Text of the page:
Republican presidential candidate Donald Trump arrives to speak at a rally at Muscatine High School in Muscatine, Iowa, Jan. 24, 2016.
Photo by Andrew Harnik/AP

Poll: Trump not widely viewed as religious – even by his own party

As the Republican presidential candidates battle over a powerful bloc of evangelical voters, a new poll shows that frontrunner Donald Trump is viewed by his own party as the least religious major candidate in the field.

The survey from the Pew Research Center released on Tuesday shows that 44 percent of Republicans say they believe Trump is “very” or “somewhat” religious, while 47 percent say he is “not too” religious or “not religious at all.”

In contrast, majorities of Republican voters say they view Ben Carson (80 percent), Ted Cruz (76 percent) and Marco Rubio (70 percent) as religious.

Still, more than half of GOP voters (56 percent) say they believe Trump would be a good or great president regardless of his religious beliefs.

Trump has worked to win over evangelical voters in the key early state of Iowa, touting endorsements by Liberty University president Jerry Falwell Jr. and former Alaska Gov. Sarah Palin. He often displays a Bible at campaign events, conceding that the foundational scripture of Christianity is, in fact, even better than his bestseller “The Art of the Deal.” During a news conference Tuesday, Trump again insisted that he is “a religious person.”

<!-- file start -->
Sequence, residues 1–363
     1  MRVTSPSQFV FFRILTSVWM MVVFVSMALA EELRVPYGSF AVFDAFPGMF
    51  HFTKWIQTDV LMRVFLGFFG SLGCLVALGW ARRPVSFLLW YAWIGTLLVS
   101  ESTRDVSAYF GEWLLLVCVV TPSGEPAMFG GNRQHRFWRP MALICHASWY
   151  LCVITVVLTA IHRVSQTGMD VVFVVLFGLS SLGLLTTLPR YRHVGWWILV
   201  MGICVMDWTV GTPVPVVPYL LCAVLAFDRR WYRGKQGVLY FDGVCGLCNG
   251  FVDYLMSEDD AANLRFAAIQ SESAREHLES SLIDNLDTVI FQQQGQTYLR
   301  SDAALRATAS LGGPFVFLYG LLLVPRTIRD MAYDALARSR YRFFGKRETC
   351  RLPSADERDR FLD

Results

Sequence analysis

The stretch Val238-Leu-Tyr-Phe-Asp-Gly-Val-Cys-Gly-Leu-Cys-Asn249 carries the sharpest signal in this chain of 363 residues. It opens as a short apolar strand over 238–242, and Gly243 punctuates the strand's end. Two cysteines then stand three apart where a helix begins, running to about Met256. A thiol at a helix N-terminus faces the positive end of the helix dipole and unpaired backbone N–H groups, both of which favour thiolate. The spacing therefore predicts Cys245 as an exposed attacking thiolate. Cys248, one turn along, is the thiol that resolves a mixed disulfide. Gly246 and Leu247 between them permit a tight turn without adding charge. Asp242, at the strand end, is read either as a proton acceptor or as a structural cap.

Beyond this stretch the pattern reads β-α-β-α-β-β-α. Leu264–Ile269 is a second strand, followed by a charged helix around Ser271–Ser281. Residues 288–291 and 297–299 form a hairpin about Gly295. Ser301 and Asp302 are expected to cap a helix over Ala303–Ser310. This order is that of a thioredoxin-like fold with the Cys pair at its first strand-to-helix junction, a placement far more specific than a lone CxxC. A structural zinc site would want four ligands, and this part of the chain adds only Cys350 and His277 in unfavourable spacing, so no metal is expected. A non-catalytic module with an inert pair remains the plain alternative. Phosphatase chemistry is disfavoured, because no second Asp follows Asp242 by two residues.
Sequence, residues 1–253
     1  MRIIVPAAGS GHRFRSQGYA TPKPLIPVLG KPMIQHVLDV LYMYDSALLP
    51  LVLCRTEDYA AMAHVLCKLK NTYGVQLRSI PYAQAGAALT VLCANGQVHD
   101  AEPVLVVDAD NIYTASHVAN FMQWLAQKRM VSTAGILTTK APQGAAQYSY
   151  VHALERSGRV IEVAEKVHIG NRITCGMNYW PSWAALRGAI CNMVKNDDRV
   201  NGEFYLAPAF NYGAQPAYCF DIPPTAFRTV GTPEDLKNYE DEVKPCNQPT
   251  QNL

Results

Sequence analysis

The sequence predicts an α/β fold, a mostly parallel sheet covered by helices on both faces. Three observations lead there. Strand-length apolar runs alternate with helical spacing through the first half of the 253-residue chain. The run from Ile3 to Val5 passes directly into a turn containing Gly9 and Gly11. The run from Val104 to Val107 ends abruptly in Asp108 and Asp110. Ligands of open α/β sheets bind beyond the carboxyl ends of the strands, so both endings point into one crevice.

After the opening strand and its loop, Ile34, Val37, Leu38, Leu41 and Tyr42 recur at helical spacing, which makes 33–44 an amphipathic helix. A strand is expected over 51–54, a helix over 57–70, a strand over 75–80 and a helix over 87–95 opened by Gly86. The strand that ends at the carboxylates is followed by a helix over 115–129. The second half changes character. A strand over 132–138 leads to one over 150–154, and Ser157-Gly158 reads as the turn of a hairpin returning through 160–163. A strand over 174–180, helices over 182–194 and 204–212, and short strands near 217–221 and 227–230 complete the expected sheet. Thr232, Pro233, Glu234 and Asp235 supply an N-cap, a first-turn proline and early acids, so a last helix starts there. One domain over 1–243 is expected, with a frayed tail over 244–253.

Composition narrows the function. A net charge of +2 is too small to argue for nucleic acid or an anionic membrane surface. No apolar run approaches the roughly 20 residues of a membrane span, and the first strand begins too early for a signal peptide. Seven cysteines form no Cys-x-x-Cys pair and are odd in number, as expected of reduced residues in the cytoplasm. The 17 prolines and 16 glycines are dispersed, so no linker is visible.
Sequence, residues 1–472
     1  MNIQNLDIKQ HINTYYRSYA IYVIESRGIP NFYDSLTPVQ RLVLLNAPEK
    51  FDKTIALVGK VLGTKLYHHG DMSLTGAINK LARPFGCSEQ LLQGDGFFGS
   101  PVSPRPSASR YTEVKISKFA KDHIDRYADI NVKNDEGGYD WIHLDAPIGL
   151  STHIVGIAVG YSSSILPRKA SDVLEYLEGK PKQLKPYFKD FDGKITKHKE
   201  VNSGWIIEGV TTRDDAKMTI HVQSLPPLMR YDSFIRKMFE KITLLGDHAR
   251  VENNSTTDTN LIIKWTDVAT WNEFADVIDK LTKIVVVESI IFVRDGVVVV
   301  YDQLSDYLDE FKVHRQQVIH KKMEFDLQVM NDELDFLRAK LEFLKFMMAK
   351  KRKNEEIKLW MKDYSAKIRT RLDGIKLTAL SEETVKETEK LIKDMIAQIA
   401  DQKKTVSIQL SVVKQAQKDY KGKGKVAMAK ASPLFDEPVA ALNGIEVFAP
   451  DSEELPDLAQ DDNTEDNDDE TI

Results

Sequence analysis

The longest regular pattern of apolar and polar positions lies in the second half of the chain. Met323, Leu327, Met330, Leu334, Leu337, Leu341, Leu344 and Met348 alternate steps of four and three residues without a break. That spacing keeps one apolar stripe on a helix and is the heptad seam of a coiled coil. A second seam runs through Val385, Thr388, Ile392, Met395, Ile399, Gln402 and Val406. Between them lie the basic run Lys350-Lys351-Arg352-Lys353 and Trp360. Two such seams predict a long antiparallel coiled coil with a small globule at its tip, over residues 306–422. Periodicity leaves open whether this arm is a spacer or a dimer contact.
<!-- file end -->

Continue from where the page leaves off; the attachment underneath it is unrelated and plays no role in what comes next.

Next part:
But the real estate mogul faces steep competition for evangelical voters from Ted Cruz. Cruz, the son of an outspoken evangelical pastor, has racked up the support of other religious conservatives in Iowa and around the country, including influential Iowa activist Bob Vander Plaats and the Family Research Council’s Tony Perkins.

Overall, two-thirds of Republicans (64 percent) say that it is “very” or somewhat” important to have a president who shares their religious beliefs, while 35 percent say a shared faith is not important to them.

Trump is also viewed by all adults - not just by Republicans - as the least religious major candidate in the 2016 field.

Six in ten Americans say they do not view Trump as particularly committed to faith, while 30 percent say they believe he is “very” or “somewhat” religious.

Ben Carson is viewed as the most religious candidate overall, with 68 percent of Americans saying he is “very” or “somewhat” religious.

About half - 48 percent - say that Hillary Clinton is religious, while 43 percent disagree.

And four-in-ten say they view Bernie Sanders as religious, compared to 35 percent who do not.

This story originally appeared on NBCNews.com

Donald Trump and Polling

Poll: Trump not widely viewed as religious -- even by his own party